September 15th, 2014

Converting a Bicycle to a Go Kart

First of all there are logistical things to consider.
  • Motor Size
  • Weight
  • Person Size
  • Acceleration and Top Speed Expectations
  • Component Strength
Many of us remember the little chain saw size motors that were used to engage the front tire on a bicycle. These units could make a bicycle go about 15 miles per hour. The over all weight of the system (including the bike and person) was about (120+50) = 170 pounds (which is pretty light compared to a full blown go kart). Frequently the bike had to be pedal started, so that a speed was reached prior to the motor engaging. (This is a critical criteria for the overall performance characteristics of the go-kart, because go karts typically are not going to be push started. They should start from a stop by themselves.)

A bike also has a different construction for mounting the wheels than conventional wagons or buggies. The axels are held in place from both sides of the wheel.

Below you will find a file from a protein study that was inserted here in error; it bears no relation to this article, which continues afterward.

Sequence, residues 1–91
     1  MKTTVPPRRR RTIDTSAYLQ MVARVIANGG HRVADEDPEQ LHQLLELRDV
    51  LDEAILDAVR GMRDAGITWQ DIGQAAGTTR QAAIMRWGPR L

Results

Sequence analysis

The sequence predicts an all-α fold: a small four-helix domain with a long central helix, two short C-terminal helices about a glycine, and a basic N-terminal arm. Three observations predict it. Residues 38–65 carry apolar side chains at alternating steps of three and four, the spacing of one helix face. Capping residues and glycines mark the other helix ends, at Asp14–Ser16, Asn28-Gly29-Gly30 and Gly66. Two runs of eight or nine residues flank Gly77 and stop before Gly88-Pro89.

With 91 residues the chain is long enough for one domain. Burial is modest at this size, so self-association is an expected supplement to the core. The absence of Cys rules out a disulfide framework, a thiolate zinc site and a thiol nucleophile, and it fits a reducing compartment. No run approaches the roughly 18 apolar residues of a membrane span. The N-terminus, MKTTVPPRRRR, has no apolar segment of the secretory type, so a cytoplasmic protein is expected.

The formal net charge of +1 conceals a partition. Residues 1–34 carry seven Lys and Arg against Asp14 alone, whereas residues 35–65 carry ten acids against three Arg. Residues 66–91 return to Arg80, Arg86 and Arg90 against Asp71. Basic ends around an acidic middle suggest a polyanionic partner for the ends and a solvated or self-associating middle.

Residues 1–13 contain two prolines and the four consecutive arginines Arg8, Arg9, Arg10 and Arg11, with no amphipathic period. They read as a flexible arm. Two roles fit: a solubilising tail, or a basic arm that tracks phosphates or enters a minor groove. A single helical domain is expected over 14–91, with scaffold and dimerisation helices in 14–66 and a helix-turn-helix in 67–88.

Envision trying to hold onto a bicycle wheel with one hand. It is nigh unto impossible!

Now use both hands. The wheel is very manageable. What you are experiencing is a torque moment that is being exerted through the axel into the one hand. The moment, or torque is very high. In fact, if you were to take into account a 60 pound side load (due to a cornering situation) the axel itself would see a load that could bend the bolt easily.

In order to use wheels off of a bike, the loading must be kept low, or the parts need to be upgraded to handle the higher loads.

The picture below shows a conventional front wheel off of a mountain bike. The second picture shows a wheel off of a bugger (or a bike trailer: a small child can be pulled behind a bike in one of these).


Above is the mountain bike spindle, and then in comparison, the Bugger spindle or axel shaft system.

Calculating the Stresses in the Shafts

Below is the calculation that determines the stresses in the axel shaft:


The following is a Stress Versus Tyre Radius and Shaft Diameter Chart with the corresponding graph:

Tyre
Radius
Diam
.375 
 Diam
.50
Diam
.75 
 Diam
1.00
15 173840 73339 21730 9167
12 139072 58671 17384 7334
10 115893 48892 14487 6112
6 69536 29335 8692 3667